Great Expectations

Farmer Co-op Chief: Rural America, Farm Groups See Great Changes Coming

Chris Clayton
By  Chris Clayton , DTN Ag Policy Editor
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President-elect Donald Trump won many rural counties by a 2-to-1 margin or larger in this week's election. (Photo by Gage Skidmore, CC BY-SA 2.0)

WASHINGTON (DTN) -- Chuck Conner had hardly slept Wednesday afternoon as he reflected on a historic, odds-defying election that was largely won by overwhelming support in rural America for President-elect Donald Trump. The win sets up great expectations for the new president and rural America, noted Conner, a former acting Agriculture Secretary and now president and CEO of the National Council of Farmer Cooperatives.

"Rural America stepped up, but they stepped up because things are pretty tough out there," Conner said. "There's a natural expectation out there that Donald Trump is the white knight and his cabinet is right there beside him. They are going to come in and fix this and we're going to have $5 corn and no regulation, and exports are going to boom. It's going to make the expectations of these jobs really tough."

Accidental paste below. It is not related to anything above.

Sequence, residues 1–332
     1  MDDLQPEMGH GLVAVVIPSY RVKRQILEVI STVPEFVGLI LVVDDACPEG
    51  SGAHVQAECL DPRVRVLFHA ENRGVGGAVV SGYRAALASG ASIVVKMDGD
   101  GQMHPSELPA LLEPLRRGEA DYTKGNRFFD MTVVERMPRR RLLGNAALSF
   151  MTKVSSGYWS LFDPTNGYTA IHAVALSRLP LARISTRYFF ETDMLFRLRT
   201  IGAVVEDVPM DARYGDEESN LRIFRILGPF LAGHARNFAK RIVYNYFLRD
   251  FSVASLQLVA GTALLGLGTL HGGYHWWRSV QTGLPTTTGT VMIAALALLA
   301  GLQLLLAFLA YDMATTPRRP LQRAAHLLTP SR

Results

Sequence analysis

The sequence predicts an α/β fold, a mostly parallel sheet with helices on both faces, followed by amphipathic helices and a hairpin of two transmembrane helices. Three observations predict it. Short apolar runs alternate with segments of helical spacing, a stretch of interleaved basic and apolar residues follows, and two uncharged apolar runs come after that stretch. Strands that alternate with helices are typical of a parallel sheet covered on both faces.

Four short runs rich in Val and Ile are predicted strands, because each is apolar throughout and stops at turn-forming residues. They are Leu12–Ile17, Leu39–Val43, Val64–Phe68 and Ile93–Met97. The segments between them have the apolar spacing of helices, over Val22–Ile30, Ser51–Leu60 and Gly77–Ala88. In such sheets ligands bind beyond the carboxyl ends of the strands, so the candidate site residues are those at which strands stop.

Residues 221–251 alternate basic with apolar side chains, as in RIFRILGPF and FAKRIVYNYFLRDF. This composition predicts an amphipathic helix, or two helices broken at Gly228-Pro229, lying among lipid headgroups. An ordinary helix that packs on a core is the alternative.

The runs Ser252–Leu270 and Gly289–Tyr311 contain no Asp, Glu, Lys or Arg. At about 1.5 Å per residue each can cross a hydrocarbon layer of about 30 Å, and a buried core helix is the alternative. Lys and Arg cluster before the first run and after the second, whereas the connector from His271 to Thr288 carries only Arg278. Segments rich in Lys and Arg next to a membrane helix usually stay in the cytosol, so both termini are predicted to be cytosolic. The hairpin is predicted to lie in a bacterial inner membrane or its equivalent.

Economic pressures are being felt across the rural economy. The Federal Reserve Bank of Kansas City released a bleak agricultural credit survey on Thursday citing weakness in both crops and livestock, causing producers to burn up their working capital just to pay immediate bills. More than 90% of bankers reported deteriorating working capital for crop producers with more borrowing falling into the "highly leveraged" category.

Such pressure could accelerate the push for a new farm bill. Conner noted the current bill, passed in 2014, is incredibly unpopular with farmers of varying stripes, ranging from dairy farmers to cotton producers.

"This will not go down as being one of the most popular farm bills with producers themselves, and with rural America having delivered a hardy punch for Donald Trump, I think it does move the time frame up a little bit to see where we might be able to make improvements on behalf of that group. That would be my assessment."